Digital Dharma

The Middle Path, One Day At A Time

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To my Muslim and Jewish Brothers and Sisters, Namasté

Yesterday and today are Rosh Hashanah and Eid ul-Fitr, important holidays for Jewish and Muslim folk respectively.  They are movable holidays, and are celebrated on the same days this year. 

Eid ul-Fitr is the Muslim holiday marking the end of Ramadan, the Islamic holy month of fasting. Eid is an Arabic word meaning “festivity”, while Fiṭr means “to break the fast”  It is celebrated starting on the first day of the Islamic month of Shawwal. (Celebrated September 30-October 1 in 2008)

Rosh Hashanah is the first of the High Holidays, which are specifically set aside to focus on repentance and conclude with Yom Kippur. Rosh Hashanah is the start of the civil year in the Hebrew calendar (one of four “new year” observances that define various legal “years” for different purposes). It is the new year for people, animals, and legal contracts. The Mishnah also sets this day aside as the new year for calculating calendar years and sabbatical (shmita) and jubilee (yovel) years. Rosh Hashanah commemorates the creation of man whereas five days earlier, on 25 of Elul, marks the first day of creation  (Celebrated September 20-October 1, in 2008)

Salaam and Shalom!

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Gelek Rimpoche talks about Buddhism, Tibet, the Olympics and a new vision for the world

Jewel Heart leader Gelek Rimpoche talks about Buddhism, Tibet, the Olympics and a new vision for the world

Q. Some scholars have reported that more young people are turning to Buddhism. Why is that?

A. The young people are attracted to Buddhism because it is interesting to them and useful. Young people find Buddhism to be honest and helpful. …

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An Orthodox rabbi mixes faith and patriotism in Afghanistan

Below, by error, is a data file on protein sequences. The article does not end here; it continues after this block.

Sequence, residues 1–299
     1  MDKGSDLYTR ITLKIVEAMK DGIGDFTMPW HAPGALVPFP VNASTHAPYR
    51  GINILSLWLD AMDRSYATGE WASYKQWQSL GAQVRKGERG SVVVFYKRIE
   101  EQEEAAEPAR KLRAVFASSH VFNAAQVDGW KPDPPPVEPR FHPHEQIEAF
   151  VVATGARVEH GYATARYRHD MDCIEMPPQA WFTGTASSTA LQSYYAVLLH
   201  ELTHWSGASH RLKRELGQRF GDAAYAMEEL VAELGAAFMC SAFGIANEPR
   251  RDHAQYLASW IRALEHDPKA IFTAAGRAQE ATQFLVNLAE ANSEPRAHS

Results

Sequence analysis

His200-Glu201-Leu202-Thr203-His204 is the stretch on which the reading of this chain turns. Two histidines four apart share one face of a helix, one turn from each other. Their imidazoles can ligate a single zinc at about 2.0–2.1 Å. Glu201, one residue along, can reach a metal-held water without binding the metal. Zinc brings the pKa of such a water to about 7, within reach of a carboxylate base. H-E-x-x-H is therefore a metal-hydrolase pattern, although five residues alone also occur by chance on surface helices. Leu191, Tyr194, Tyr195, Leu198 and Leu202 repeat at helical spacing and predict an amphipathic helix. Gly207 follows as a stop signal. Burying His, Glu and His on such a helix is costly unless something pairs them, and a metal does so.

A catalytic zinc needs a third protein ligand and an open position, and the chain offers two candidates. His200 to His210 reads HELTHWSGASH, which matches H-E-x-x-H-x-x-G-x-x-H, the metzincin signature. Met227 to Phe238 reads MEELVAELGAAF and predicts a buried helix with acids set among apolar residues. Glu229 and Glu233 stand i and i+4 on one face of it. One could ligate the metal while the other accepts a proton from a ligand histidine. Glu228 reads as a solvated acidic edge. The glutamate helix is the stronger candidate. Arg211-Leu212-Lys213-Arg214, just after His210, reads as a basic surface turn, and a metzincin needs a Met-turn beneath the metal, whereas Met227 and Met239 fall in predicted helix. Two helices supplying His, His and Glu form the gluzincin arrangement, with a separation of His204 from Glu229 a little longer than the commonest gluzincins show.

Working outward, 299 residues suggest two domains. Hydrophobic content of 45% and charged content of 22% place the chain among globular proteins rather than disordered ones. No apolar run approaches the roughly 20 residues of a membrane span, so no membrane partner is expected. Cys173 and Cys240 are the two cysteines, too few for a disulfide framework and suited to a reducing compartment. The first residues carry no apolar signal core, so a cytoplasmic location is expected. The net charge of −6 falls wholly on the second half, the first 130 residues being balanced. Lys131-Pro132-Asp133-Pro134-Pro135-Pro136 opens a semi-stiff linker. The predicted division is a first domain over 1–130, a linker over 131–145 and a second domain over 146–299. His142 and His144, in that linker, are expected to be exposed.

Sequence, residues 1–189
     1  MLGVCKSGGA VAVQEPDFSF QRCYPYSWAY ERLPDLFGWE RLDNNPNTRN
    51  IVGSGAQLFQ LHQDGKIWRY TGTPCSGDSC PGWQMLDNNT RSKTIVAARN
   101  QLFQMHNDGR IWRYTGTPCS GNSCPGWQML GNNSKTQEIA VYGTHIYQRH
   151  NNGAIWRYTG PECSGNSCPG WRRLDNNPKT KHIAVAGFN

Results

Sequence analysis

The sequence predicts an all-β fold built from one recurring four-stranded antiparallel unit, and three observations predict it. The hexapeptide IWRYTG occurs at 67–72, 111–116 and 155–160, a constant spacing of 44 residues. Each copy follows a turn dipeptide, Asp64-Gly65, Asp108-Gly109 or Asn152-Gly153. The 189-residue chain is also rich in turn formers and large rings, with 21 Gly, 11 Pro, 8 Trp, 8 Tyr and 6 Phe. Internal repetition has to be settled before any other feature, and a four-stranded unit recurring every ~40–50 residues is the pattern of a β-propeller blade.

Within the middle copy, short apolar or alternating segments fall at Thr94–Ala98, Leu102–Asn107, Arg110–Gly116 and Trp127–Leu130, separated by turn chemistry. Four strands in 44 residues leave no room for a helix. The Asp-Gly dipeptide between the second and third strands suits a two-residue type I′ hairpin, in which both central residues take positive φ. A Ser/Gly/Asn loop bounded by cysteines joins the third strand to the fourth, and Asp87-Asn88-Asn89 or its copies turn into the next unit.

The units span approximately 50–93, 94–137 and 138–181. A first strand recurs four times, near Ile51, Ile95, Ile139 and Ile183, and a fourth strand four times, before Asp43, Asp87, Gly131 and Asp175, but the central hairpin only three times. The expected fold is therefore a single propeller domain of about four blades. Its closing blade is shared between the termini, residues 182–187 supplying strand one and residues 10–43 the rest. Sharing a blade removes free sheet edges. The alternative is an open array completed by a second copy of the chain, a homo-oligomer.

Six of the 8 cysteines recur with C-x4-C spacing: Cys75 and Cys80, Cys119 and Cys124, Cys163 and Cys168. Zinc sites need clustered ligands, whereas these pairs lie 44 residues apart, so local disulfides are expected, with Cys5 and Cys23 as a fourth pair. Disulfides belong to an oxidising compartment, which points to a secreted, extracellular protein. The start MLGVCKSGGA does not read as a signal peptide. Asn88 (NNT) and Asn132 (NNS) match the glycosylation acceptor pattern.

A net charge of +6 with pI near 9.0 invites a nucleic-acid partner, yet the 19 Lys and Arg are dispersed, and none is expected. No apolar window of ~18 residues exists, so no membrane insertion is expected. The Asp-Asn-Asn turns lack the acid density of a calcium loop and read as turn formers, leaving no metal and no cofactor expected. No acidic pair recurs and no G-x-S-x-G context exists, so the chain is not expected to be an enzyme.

Afghan women in dark-colored head scarves and blue, pleated chadris (full head and body veils) queue up at the gate. Egyptian soldiers usher them in, and as the Afghans move from table to table, American soldiers, semiautomatic rifles slung across their backs, reach into the boxes and hand them sweaters, shoes, baby clothes, notebooks, and toys.

Chaplain Felzenberg rummages through a separate box and extracts woolen caps that one of his daughters knitted – “Bless her heart, he says, “she put them in separate bags but didn’t mark the sizes.” Then he pulls out a loose-fitting top he last saw on his wife. “It’s going to be emotional to give some of this out,” he says, “but hey….”

While his supplies last, he hands clothing from his ultra-Orthodox Jewish home to Muslim Afghan children whose mothers wear the orthodox-Muslim chadri.

Military chaplains: An Orthodox rabbi mixes faith and patriotism in Afghanistan |


Buddhist Anger Management Techniques

Anger is one of the most common and destructive delusions, and it afflicts our mind almost every day. To solve the problem of anger we first need to recognize the anger within our mind, acknowledge how it harms both ourself and others, and appreciate the benefits of being patient in the face of difficulties. We then need to apply practical methods in our daily life to reduce our anger and finally to prevent it from arising at all.